UN-SPIDER was established in 2006 after recognizing that disaster risk management and emergency response communities, particularly in developing countries, are not fully utilizing space-based technologies to address the natural hazards they are facing.
Why is that? Those in charge of both disaster risk management or emergency response efforts may not yet recognize the usefulness of space-based information, as reflected in the lack of policies promoting the use of such information. Additionally, practitioners might not be aware of where and how they can access space-derived data. Furthermore, even if disaster managers are aware of the advantages of satellite-technologies and know the existing mechanisms to access such data, they might not necessarily have the capacities to extract the data that could be useful and to apply it to their specific situation. Finally, they might not have the necessary facilities, hardware, or software to access and subsequently process the data.
Recognizing this existing deficit, UN-SPIDER is aiming to bridge the gap with its Technical Advisory Support. The goal is to ensure that all countries recognize the value of all types of space-based information to prevent and mitigate disasters, and use them effectively when challenged with natural hazards and related humanitarian crises. UN-SPIDER provides Technical Advisory Support in various ways:
To make sure that all interested stakeholders can benefit from space-based information in the most effective way possible, UN-SPIDER provides Technical Advisory Support to Member States through missions. During these missions, UN-SPIDER meets with key stakeholders in the disaster management community of a country to discuss topic in depth, make recommendations and develop guidelines to improve the use of space-based information for disaster risk management and emergency response. Such missions take place at the invitation of Member States. The three types of Advisory Missions are: Technical Advisory Missions, Institutional Strengthening Missions and Expert Missions.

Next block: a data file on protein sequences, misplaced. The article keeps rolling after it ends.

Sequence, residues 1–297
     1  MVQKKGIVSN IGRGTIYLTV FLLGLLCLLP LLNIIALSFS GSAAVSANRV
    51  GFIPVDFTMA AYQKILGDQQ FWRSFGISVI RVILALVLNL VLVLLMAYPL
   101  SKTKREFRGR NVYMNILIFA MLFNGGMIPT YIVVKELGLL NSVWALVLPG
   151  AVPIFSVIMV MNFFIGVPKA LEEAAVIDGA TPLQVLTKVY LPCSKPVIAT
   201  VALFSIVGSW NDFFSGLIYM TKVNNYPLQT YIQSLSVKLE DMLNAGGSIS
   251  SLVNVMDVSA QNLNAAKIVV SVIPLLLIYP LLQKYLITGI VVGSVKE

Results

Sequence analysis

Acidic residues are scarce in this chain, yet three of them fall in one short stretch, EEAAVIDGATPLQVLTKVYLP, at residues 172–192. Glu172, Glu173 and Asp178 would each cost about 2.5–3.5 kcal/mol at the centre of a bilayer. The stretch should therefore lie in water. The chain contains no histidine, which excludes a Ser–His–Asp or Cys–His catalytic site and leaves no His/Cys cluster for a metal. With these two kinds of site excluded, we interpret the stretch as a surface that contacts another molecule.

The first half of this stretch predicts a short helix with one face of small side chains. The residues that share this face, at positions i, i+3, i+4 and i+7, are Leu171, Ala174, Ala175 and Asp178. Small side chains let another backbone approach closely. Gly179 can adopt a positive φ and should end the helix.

Our emergency support targets immediate emergencies and disasters. It supports swift and efficient access to space-based information by ensuring affected countries have access to space-derived information products through international mechanisms such as the International Charter “Space and Major Disasters”, Sentinel Asia and the Copernicus Emergency Management Service (EMS). Upon request, we can activate our network of Regional Support Offices and other partners to make space-based data, services and derived products, such as maps, available to countries affected by a disaster.
Training activities are part of our capacity-building efforts and aim at strengthening the capacity of individuals and institutions in using space-based information to prevent, to mitigate, and to react effectively to the challenges posed by natural hazards and emergency situations. They address country needs identified through Technical Advisory Missions and are usually part of an Institutional Strengthening Mission.
Remote Technical Advisory Support
The UN-SPIDER programme is providing remote technical advisory support to countries upon their demand. This typically consists of webinars, online training and the provision of information products, such as maps, which are created using UN-SPIDER Recommended Practices.
Recognizing the need to facilitate the processing satellite imagery to generate specific types of products or maps, UN-SPIDER and its network of Regional Support Offices have elaborated step-by-step procedures or Recommended Practices that describe the steps required to download, pre-process, and process satellite imagery to generate maps than can be used for hazard assessment, for early warning purposes, and for response and recovery efforts. These Recommended Practices have been developed using open software programming languages and tools, and satellite imagery that can be accessed freely.
In a complementary fashion to the Recommended Practices, UN-SPIDER and its network of Regional Support Offices have prepared examples of practical uses of the maps elaborated with the Recommended Practices, as well as products and services that have been developed and implemented by the space and geospatial communities to contribute to disaster risk reduction, preparedness, response and recovery efforts.